“While the need for exceptional, temporary measures may arise in times of crisis, transparent communication and information is needed on the concrete effects of any derogations on the ground. Moreover, it is essential to ensure that any exceptional arrangements last for no longer than necessary and do not put food safety and consumer health at risk,” according to BEUC.
BEUC added that in times of a crisis, rogue traders may be tempted to cut corners and risk of food fraud can increase, especially if control systems are disrupted. The group said the contingency plan should pay attention to the risk of food fraud and food-related scams taking advantage of consumers’ increased vulnerability.
Being flexible and going digital
Temporary flexibility around EU food labeling legislation, except for food safety related issues such as allergen information, was agreed by some member states. The Commission is allowing electronic copies of original certificates and countries to carry out remote official controls because of the pandemic, but as it stands now, that is only until February.
EuroCommerce, which represents the retail and wholesale sector, backed flexibility throughout the crisis citing the frequency of physical food safety controls and increased digitalization of administrative processes including food safety audits and controls.
“While we continue to support effective control systems to maintain the necessary standards and keeping consumers safe, it is our opinion that this flexibility has worked well, primarily because of the continued risk-based control of food businesses. As such it should be an aim to keep the administrative burdens at as low a level as possible also after the crisis,” according to EuroCommerce.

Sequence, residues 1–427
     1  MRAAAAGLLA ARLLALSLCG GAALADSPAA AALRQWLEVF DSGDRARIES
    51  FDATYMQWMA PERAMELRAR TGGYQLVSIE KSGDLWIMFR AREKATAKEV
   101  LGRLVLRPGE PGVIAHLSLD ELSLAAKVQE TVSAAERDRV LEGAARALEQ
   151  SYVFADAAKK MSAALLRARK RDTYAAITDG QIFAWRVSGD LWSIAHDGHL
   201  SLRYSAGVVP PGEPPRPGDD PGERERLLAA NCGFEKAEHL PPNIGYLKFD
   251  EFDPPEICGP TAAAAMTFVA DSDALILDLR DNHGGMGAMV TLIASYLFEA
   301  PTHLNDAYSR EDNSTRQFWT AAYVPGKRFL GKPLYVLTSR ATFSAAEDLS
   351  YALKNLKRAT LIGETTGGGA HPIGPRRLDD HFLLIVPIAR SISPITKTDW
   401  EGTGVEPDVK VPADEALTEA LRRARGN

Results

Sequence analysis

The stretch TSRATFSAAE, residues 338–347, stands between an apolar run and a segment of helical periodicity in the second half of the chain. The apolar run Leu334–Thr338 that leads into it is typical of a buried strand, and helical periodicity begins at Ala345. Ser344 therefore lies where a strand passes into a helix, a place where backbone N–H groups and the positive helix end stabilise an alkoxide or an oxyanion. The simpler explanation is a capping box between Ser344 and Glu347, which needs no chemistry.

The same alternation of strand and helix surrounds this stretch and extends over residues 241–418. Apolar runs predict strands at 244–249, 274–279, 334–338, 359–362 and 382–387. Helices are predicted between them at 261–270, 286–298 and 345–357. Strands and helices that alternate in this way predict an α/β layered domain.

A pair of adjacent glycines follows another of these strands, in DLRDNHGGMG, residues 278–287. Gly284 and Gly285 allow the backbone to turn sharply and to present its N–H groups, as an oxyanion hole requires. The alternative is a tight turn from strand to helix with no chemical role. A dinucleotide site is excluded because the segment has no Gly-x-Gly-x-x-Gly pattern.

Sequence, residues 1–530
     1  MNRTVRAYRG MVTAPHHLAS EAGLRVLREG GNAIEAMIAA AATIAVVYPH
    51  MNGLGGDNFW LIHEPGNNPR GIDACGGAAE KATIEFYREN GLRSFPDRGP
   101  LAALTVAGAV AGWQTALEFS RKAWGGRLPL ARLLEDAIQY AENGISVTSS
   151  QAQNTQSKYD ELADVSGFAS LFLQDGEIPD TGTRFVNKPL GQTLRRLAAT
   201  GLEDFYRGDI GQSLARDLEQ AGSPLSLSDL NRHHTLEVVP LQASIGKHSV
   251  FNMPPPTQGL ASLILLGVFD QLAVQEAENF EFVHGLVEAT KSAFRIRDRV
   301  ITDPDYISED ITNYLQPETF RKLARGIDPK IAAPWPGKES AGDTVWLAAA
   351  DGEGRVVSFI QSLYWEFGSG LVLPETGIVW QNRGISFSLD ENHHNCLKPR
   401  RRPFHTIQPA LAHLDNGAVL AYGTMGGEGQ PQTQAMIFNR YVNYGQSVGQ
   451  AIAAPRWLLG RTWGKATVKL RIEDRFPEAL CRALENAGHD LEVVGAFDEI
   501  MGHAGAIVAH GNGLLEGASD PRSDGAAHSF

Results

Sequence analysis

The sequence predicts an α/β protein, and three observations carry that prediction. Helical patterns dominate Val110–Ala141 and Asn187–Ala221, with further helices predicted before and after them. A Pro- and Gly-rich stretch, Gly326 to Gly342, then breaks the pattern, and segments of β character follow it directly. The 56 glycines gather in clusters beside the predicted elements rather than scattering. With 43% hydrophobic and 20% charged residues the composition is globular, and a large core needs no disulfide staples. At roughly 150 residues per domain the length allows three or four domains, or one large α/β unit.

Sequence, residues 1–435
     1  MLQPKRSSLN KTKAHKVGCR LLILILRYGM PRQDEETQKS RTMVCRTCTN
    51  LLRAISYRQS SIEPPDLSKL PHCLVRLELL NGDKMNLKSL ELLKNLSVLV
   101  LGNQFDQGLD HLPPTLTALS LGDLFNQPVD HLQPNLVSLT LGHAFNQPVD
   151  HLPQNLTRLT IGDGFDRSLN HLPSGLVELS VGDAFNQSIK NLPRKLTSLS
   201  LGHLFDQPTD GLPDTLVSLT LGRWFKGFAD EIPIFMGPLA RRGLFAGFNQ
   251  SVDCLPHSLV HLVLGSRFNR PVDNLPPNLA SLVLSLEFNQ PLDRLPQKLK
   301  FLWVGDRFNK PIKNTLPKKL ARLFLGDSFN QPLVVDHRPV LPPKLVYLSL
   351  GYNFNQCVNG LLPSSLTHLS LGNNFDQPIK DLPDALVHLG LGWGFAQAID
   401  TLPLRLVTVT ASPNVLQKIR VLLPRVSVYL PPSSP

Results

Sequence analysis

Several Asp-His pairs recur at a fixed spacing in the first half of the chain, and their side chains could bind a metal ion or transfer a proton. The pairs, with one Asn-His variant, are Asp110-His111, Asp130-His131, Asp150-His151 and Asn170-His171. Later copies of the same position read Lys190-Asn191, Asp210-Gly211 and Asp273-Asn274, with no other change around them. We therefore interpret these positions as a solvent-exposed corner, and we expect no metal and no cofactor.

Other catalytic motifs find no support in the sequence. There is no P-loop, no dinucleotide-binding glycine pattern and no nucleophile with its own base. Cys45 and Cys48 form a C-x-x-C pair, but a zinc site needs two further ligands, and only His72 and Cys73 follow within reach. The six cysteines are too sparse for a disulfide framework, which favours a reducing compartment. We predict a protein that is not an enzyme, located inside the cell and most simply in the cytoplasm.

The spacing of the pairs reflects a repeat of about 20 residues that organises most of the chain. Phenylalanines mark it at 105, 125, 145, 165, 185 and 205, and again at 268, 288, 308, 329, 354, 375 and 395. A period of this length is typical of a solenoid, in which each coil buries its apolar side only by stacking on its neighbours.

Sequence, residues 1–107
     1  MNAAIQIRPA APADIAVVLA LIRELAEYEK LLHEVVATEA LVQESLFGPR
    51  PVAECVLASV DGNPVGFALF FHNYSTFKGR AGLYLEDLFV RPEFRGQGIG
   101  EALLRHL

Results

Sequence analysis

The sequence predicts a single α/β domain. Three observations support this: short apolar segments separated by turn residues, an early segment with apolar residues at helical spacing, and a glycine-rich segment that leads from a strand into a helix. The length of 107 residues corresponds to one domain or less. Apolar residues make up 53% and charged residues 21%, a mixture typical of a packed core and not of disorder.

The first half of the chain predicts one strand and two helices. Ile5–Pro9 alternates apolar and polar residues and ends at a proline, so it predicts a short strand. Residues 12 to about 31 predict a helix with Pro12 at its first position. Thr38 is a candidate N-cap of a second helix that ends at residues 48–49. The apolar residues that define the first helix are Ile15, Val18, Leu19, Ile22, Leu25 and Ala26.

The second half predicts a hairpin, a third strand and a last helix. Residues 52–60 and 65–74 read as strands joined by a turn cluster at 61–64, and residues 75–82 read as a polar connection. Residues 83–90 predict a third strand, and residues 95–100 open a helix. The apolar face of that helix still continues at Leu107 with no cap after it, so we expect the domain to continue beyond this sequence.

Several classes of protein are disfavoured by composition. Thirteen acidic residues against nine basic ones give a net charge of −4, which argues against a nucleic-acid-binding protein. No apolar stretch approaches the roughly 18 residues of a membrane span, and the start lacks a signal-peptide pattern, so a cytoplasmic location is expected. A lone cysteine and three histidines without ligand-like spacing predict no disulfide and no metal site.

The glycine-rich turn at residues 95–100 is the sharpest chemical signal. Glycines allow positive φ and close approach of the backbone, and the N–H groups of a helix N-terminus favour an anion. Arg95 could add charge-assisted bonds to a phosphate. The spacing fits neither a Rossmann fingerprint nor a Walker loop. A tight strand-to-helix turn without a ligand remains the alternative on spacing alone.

Customs may have to cope with fewer staff because of confinement measures and hygiene protocols. A solution could be use of scanned copies or electronic sanitary and phytosanitary (SPS) certificates, according to FoodDrinkEurope, which represents the food and drink sector.
CELCAA, the EU association of trade in agri-food products, said the regulation on food controls allows coordination between member states and the Commission in case of food safety issues.
“CELCAA would also integrate food safety into the scope of the plan, with a view to promoting the take-up of digital processes such as e-certificates and others as a tool to facilitate the movement of agri-food and agri-supply – thus contributing to food security.”
Eucolait, the EU association for dairy trade, said key components of the EU food safety system such as official controls regulation and the TRACES system appeared to have functioned well. However, increased resources to enable a move towards e-certification and digitalization in general will create a more efficient environment for operators going forward.
Freshfel and European Sprouted Seeds Association said the Commission must acknowledge the diversity of events that may occur in the agri-food sector such as human health-related crises, food hygiene and food fraud crises. The groups suggested appointing an EU Food Crisis Prevention and Management Coordinator.